MIAMI — Look, much as I enjoyed driving the updated 2023 BMW Z4, I’m not going to lie and tell you it’s as lithe and nimble as the original Z3 that stole our hearts in the 1990s. Today’s Z4 is a good and perfectly competent car, but it has more of a luxury grand tourer vibe than outright sports car. It’s also a niche player in a dying segment, and honestly, if it wasn’t for BMW being able to share development costs with Toyota (hey there, Supra), there wouldn’t even be a new Z4 at all.
So since the future of the Z4 is a little gloomy – did I mention BMW only sold 1,567 of them last year? – let’s shine some light on its storied past. And what better way to do so than by driving a handful of holy-smokes-that’s-pristine examples from BMW’s private collection? From Z3s to Z4s to M Coupes and beyond, this Bavarian greatest-hits catalog proves BMW’s little two-seater has had a hell of a run.
The BMW Z3 was an instant hit
The original E36/7 Z3 made a cameo in the 1995 James Bond film “GoldenEye” (though it should’ve also been in the Nintendo 64 game, just sayin’), and for a lot of people, it was love at first sight. There was strong initial demand, with some 15,000 orders placed by the time it actually went on sale. Personally, this generation Z3 remains my favorite to this day. And fun fact: It was the first BMW to be manufactured exclusively outside of Germany – in South Carolina, no less.
Four- and six-cylinder powertrain options were offered, with four-speed automatic and five-speed manual transmissions. Combined with a classic front-engine, rear-wheel-drive layout, this made the Z3 a spry and tossable roadster – a sort of more luxurious take on the Mazda MX-5 Miata.
One of the earliest roadsters BMW has in its collection is a green-over-tan Z3 1.9, making a modest 138 horsepower and 133 pound-feet of torque. This was the engine the Z3 launched with, and it isn’t exactly well loved, mostly because it’s not as powerful or smooth as the straight-six options. Still, there’s a high-revving nature to the Z3 1.9 that makes it entertaining in an unexpected way. Having less weight over the front end is a good thing, too.
In 1999, the Z3 received a mid-cycle update, with the most obvious tell being a more curvaceous rear end with L-shaped taillights. But the best new-for-2000 option was the 3.0-liter naturally aspirated I6 engine, offering 228 hp and 221 lb-ft of torque (an upgrade over the outgoing 2.8-liter’s 189 hp and 203 lb-ft). BMW has one of these in its fleet, complete with a five-speed manual transmission, and this Z3 is a total peach. Smooth power delivery, plenty of low-end torque and crisp shifts – once you get used to the super high take-up point of the clutch – make it a car you can’t help but adore.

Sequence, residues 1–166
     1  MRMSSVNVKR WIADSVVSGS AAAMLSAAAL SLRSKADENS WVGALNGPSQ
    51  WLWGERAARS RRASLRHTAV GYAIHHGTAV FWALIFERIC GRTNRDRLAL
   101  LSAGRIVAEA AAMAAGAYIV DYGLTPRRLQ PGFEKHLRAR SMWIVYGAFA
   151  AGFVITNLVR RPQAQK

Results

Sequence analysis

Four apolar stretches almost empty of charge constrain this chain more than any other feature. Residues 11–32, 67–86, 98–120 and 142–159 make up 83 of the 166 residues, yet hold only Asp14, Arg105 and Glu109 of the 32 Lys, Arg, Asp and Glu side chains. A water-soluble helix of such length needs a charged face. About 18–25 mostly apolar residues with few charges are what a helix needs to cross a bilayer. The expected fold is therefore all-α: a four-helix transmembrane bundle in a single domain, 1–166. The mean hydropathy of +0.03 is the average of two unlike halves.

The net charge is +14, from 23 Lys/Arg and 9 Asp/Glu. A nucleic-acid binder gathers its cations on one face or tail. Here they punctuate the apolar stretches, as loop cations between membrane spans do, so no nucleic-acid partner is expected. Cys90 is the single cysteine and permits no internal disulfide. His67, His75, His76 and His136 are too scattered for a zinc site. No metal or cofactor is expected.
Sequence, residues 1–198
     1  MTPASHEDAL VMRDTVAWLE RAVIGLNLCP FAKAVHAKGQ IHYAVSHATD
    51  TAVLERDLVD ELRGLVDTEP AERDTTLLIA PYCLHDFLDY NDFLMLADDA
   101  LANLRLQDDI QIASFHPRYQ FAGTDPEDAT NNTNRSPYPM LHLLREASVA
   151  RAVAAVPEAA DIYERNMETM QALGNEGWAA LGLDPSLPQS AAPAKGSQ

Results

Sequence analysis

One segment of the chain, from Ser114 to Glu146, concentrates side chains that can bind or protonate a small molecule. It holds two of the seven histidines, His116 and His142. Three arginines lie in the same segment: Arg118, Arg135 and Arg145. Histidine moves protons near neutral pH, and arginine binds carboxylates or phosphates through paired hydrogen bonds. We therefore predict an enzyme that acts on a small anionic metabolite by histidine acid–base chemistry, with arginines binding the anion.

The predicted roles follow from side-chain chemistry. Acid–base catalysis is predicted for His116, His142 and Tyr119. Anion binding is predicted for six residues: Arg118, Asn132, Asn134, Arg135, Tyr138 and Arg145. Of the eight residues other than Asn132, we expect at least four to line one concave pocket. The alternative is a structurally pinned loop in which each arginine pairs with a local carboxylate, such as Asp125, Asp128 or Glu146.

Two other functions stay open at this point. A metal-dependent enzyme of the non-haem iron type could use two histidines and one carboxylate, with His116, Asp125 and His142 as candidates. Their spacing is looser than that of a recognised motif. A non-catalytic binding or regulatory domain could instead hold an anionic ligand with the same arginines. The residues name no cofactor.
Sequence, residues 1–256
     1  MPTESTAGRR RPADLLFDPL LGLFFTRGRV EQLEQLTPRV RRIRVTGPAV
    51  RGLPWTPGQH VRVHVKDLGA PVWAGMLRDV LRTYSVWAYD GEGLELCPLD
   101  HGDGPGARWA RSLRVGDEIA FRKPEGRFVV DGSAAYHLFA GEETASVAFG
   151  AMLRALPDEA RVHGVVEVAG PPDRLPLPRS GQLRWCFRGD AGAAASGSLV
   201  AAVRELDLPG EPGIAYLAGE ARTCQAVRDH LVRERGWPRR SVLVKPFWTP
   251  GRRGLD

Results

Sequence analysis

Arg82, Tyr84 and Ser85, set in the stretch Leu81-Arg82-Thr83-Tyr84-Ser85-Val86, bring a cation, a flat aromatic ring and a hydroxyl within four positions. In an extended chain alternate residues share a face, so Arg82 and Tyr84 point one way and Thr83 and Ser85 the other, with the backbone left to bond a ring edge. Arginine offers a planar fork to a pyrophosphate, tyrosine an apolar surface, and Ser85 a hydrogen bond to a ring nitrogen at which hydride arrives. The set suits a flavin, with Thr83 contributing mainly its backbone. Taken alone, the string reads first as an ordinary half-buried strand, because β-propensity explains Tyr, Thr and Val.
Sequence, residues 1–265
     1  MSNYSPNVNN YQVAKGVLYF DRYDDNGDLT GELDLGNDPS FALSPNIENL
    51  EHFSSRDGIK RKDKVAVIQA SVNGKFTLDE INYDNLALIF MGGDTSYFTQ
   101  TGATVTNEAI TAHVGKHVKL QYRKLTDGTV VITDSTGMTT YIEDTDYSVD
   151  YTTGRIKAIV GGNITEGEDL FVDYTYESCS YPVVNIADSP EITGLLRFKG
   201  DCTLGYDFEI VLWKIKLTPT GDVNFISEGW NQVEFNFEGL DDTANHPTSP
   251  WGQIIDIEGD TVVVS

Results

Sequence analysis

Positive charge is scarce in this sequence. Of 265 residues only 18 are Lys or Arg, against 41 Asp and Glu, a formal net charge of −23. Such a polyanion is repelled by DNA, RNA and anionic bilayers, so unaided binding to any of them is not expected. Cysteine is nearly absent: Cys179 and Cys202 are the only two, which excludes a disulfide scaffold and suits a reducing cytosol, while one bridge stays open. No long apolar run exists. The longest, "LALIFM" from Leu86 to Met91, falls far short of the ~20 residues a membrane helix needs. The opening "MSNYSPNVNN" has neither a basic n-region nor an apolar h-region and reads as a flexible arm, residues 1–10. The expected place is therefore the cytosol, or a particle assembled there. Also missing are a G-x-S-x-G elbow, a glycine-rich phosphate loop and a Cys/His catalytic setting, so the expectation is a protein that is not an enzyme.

If BMW hadn’t brought any M variants to this test drive, the Z3 3.0i would’ve been my favorite. Rewarding steering, perfect arm-on-the-door beltline height, a sweet engine … I could go on forever.
But then came the ‘Clown Shoe’: Meet the BMW Z3 Coupe
I genuinely believe the BMW Z3 Coupe is one of the most iconic and best designs from the turn of the millennium. Like, it’s up there with the Audi TT. The shooting brake-style hatchback is perfect, and it really exaggerates the Z3’s generous dash-to-axle ratio. And those hips. Those hips. Seriously, there isn’t a single bad angle.
It’s said that the Z3 Coupe was born from the minds of a group of engineers who worked on the project outside of normal business hours, so three cheers for those nerds. Crucially, the extra structural rigidity of the hatchback made the Z3 Coupe nearly three times stiffer than the Z3 Roadster, and you can genuinely feel a difference on the road. Where a Z3 can occasionally feel soft, the Coupe snaps it in line.
You could get the Z3 Coupe with the same 2.8-liter and 3.0-liter inline-six engines as the roadster, and while this car is plenty desirable, it’s hard to ignore the allure of the more powerful M Coupe (“Z3” was not officially part of the name). Based on the M Roadster that debuted for 1998, the M Coupe initially used BMW’s 240-hp 3.2-liter S52 inline-six engine, but for its final years (2001 and 2002) borrowed the upgraded S54 3.2-liter inline-six from the just-introduced E46 M3, boosting output to 315 hp and 251 lb-ft of torque.
I’d pretty much decided going into this test drive that if I couldn’t easily secure some time in the M Coupe, I’d have to kneecap one of the other journalists. This isn’t just the best version of the Z3, it’s my favorite BMW ever built, period. I could drive this Laguna Seca Blue M Coupe every day for the rest of my life and be happy as a clam. Sometimes it’s OK to meet your heroes.